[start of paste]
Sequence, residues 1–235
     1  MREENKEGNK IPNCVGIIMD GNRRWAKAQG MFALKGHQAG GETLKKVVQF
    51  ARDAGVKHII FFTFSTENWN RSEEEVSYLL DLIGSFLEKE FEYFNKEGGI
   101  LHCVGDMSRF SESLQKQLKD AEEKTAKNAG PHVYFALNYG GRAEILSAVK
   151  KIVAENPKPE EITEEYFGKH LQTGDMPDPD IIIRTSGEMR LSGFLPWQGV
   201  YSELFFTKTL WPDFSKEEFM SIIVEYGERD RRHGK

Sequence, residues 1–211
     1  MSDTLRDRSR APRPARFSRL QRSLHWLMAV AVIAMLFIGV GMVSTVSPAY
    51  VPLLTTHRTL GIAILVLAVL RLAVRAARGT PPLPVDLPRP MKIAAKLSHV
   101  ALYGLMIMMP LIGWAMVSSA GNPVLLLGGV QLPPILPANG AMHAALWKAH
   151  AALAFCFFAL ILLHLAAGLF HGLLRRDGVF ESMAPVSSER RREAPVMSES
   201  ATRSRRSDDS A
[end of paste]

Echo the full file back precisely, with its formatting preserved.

Sequence, residues 1–235
     1  MREENKEGNK IPNCVGIIMD GNRRWAKAQG MFALKGHQAG GETLKKVVQF
    51  ARDAGVKHII FFTFSTENWN RSEEEVSYLL DLIGSFLEKE FEYFNKEGGI
   101  LHCVGDMSRF SESLQKQLKD AEEKTAKNAG PHVYFALNYG GRAEILSAVK
   151  KIVAENPKPE EITEEYFGKH LQTGDMPDPD IIIRTSGEMR LSGFLPWQGV
   201  YSELFFTKTL WPDFSKEEFM SIIVEYGERD RRHGK

Sequence, residues 1–211
     1  MSDTLRDRSR APRPARFSRL QRSLHWLMAV AVIAMLFIGV GMVSTVSPAY
    51  VPLLTTHRTL GIAILVLAVL RLAVRAARGT PPLPVDLPRP MKIAAKLSHV
   101  ALYGLMIMMP LIGWAMVSSA GNPVLLLGGV QLPPILPANG AMHAALWKAH
   151  AALAFCFFAL ILLHLAAGLF HGLLRRDGVF ESMAPVSSER RREAPVMSES
   201  ATRSRRSDDS A